From the journal of DR:
Oh the Middle East--
Fertile crescent of humanity!
Your sands pile curvaceously
To the clip-clop of donkey rhythms,
From you comes the rich arterial reds of Persian carpets--
Is that the Angelus you recite so piously five times a day?
October 21st of 1995 found David Richardson mentally inventorying his fantasy vacation to Damascus. Nothing quite transfixed him like a foreign environment coupled with the sweet scent of danger. There America was called "The Great Satan", and he considered this quaint in the same way bovine have the run of the place in India.
Part of the attraction was going where Westerners were forbidden. Iran was his first choice but the State Department warned against it so Syria seemed a safer simulacron. “Iran on training wheels,” he called it. He’d heard non-Muslims weren’t allowed to go in mosques and that made the holy places instantly appealing in the way that being photographed just beyond a sign that said No Trespassing Beyond This Point was. There would also be antique Persian rugs and large bazaares where you could engage in authentic Middle East haggling, not the ersatz American garage sale equivalent: “Would you take a quarter for the Bronco's clock?” There it was in their blood. He thought of them as nomads, lean & swarthy Monty Hall’s who carried their wares on camels’ backs and knew how to make a deal.
He found the lack of interest in friends and family members surprising.
“Syria?” they’d say, “Why do you want to go to the crazy Middle East?”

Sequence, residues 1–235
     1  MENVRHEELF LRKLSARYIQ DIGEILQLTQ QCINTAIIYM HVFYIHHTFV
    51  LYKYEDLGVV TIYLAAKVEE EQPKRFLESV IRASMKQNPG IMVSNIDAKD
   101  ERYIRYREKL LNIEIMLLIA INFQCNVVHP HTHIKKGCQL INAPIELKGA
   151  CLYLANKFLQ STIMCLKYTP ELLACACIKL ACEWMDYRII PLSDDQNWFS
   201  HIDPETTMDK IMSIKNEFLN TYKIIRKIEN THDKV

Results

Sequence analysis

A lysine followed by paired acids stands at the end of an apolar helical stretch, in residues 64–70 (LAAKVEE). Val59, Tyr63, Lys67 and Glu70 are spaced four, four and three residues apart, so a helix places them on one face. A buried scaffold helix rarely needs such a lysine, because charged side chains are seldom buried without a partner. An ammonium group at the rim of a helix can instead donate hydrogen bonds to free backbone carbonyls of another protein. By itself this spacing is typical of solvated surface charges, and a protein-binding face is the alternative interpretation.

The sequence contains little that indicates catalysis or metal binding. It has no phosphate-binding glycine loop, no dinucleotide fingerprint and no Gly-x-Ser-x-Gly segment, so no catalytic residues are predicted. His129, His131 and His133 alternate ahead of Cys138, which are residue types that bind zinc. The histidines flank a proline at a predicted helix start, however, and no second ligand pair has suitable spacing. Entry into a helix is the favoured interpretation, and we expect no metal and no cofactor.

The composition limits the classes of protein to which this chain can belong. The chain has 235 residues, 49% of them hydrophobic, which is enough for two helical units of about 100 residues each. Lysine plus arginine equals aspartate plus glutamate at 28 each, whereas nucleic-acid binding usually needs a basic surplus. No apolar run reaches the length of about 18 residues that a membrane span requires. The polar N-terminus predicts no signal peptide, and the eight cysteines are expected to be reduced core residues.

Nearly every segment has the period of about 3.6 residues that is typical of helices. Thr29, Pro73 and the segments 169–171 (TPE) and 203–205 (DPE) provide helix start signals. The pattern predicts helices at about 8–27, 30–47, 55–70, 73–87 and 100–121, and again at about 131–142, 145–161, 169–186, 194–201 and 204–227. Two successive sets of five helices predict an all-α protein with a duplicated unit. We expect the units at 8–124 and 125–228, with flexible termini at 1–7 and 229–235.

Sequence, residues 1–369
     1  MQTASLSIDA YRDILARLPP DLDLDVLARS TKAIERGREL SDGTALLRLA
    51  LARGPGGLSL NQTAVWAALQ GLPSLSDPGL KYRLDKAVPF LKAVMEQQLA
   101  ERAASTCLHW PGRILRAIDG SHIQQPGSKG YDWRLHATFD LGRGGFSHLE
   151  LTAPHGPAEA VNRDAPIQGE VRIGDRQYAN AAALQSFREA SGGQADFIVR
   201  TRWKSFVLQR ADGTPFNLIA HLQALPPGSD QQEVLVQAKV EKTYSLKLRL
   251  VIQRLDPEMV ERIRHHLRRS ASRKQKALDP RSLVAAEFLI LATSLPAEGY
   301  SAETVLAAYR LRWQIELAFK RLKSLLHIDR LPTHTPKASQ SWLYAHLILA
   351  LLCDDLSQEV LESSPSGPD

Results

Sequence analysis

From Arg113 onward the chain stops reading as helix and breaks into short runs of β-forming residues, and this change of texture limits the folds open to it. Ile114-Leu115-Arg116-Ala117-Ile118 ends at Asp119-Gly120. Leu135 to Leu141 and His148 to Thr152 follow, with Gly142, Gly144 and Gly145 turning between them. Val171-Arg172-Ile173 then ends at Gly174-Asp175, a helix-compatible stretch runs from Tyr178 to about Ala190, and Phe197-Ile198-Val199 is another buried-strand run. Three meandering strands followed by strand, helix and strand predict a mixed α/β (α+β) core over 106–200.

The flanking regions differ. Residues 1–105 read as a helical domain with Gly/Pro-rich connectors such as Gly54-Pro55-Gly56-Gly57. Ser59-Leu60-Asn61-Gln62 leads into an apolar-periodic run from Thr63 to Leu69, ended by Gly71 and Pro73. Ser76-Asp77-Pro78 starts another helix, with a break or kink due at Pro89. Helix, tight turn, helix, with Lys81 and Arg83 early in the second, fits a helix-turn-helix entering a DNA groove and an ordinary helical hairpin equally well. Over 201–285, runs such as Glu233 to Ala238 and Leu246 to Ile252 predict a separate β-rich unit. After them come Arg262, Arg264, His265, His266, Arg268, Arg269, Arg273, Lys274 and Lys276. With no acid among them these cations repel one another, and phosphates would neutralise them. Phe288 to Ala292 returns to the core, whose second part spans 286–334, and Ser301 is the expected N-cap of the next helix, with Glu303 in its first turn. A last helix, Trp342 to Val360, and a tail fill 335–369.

“Am I the only one who finds the scent of danger intoxicating?” he replied.
He leaped at danger as only the comfortably secure do, incarnating those of whom one of Henry VIII’s martyrs spoke: “Some brave champions have taken the initiative by publicly professing their Christianity, though no one was trying to discover it, and by freely exposing themselves to death, though no one was demanding it.”
Deep down he knew there was little danger. Westerners traveled there all the time without incident. He wondered what was driving his interest because he thought of Islamicists as little different than himself, really, though with odd notions: “Those poor benighted people!", he thought, "believing the U.S. the Great Satan! They’d be afraid of a lamb!” He wanted to go there and laugh at them until they realized their error and then they'd all laugh together. He felt little fear because he was an American citizen, backed by a government steeled by the Reagan Era. The U.S. passport gleamed in his hand and it amazed him to think of all those who longed for this small square of blue and gold leaf. The only time he appreciated America was when he left it, when he saw other people coveting what he had. The trip remained in an embryonic stage for more than half a decade.
He was taking a smoke break, the first of the day, when he heard the news. Two planes hit the World Trade Center. Islamic terrorists. Potentially thousands killed. His jaw dropped and he burnt his thumb retrieving the cigarette. After the shock had begun to wore off he remembered a trip to Florida in his youth. An alligator farm. “Aren’t those adorable? Can we pet one?” he recalled his sister saying.
“The gators have grown up,” he now muttered bitterly to himself, “and have become crocodiles.”